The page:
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The Newest Associate

Jeff Clarke has weathered corporate turmoil before, but at CA he faces his biggest challenge yet.
Laton McCartney, CFO Magazine
August 1, 2004

Thirty-five days hath September, April, June, and November. That, at least, was how Computer Associates International Inc. (CA), the world's fourth-largest independent software manufacturer, used to view its sales calendar. And a rosy view it was — if you were among the executives who received millions of dollars in bonuses that were tied, ultimately, to quarterly results distorted by those 35-day months. The backdating of contracts triggered a whopping accounting scandal that resulted in indictments and resignations at the highest levels, including the CEO, CFO, and several other finance executives.

The tumult also created a job opening for Jeff Clarke, the former CFO of Compaq Computer and, following Compaq's merger with Hewlett-Packard, an executive vice president at HP. Clarke was brought into CA as CFO in early April with a mandate to clean house and restore credibility. "My role is to ensure that we have a zero-tolerance policy to anything that might harm our integrity, governance, or accounting," he says. "CA will be a customer-focused company that will set the gold standard for integrity on a go-forward basis."

Ironically, "gold standard" was the clichÉ that then-company CEO Sanjay Kumar used in a speech on corporate governance several months before Clarke arrived, a speech in which he noted that "companies are making greater demands on their [boards of] directors." In April, CA made a sizable demand: that Kumar step down as CEO. He briefly adopted the title of chief software architect (see "Past and Present Tense," at the end of this article), and board member Kenneth Cron was named interim CEO. The company also named Clarke as its new COO; at press time, he retains the title of CFO, but a search is on to fill that position.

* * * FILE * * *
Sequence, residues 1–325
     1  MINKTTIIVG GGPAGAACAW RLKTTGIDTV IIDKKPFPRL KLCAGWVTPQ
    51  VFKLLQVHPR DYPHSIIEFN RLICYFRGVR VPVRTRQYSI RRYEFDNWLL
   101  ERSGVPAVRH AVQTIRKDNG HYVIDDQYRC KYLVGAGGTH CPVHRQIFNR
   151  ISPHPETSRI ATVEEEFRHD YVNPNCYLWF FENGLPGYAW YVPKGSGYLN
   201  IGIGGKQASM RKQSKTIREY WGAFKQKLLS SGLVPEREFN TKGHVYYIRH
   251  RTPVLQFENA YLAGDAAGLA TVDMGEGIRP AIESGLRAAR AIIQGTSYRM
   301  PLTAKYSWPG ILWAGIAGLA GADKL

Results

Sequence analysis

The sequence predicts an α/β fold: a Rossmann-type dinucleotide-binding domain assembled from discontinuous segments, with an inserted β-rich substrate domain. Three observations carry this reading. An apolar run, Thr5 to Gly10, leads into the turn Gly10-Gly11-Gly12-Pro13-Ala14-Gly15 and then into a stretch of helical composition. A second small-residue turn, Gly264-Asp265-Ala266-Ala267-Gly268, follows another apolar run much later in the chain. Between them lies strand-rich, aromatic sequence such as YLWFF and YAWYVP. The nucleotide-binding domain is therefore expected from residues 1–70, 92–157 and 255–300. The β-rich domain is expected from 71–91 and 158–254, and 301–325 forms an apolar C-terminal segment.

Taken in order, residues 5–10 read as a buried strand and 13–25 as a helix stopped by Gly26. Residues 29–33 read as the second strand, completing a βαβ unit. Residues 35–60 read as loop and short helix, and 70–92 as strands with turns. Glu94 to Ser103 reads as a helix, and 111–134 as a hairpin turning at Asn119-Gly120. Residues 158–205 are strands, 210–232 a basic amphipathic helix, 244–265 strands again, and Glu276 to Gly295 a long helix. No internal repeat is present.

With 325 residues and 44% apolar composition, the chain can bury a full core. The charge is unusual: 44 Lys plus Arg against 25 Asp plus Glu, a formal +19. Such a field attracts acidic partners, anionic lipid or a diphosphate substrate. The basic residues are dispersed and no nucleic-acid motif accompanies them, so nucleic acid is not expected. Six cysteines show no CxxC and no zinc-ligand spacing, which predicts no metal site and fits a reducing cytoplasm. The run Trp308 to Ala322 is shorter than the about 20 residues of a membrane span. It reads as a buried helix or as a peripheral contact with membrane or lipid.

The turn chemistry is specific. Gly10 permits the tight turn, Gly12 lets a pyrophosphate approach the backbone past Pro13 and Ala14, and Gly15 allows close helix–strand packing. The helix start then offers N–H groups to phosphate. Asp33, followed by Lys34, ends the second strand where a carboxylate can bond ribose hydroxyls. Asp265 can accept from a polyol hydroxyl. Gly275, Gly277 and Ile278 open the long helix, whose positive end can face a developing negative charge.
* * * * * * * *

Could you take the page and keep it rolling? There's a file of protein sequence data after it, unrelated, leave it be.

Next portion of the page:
Whatever his title, Clarke seems to have what it takes to, as Sagient Technology Group analyst Kim Caughey puts it, "stop the madness" at CA. An 18-year technology-industry veteran, Clarke served in senior-management positions at Digital Equipment Corp. before joining Compaq, where, in addition to serving as CFO, he was co-leader of the merger with HP. "From an operational and integration standpoint, it's pretty hard to find fault in anything about the merger, and he was one of the prime movers in making it happen," says Gordon Haff, a senior analyst with Illuminata Inc. "He's shown he can clearly deal with difficult challenges."

Installment Plan
Clarke had barely finished unpacking at CA when nine finance and legal staffers were fired from the company. Three senior executives, including former CFO Ira Zar, had just pleaded guilty to conspiracy to commit securities fraud or conspiracy to obstruct justice. New CA chairman Lewis S. Ranieri quickly made Clarke COO, saying that Clarke's "superior operations and management experience" made him well suited for the role.

Aside from the obvious need to restore financial credibility with investors and financial partners, industry watchers believe that Clarke's biggest challenge will be to hang on to customers. "As he tries to clean up, he has to keep an eye on the customer," says Caughey. "CA has to reach out to them by having the right product and the right value in the product."

Clarke agrees, and believes that one key means of achieving this is CA's so-called New Business Model, which went into effect in October 2002. The model breaks three-year sales contracts into 36 monthly increments, rather than front-loading them with the customer paying full fare at the outset. "If you have a three-year contract, software companies will often book the entire three years in the quarter in which [the contract] was signed," says Clarke. "CA recognizes only one-thirty-sixth of that contract in the month it was signed. It is the most conservative recognition method in which to record revenue in the industry."

"I've talked to a number of customers at CA user conferences, and they seem very happy with the model," adds Caughey. "Customers' mainframe needs change all the time, and these more flexible licensing terms make it easier for them to adjust."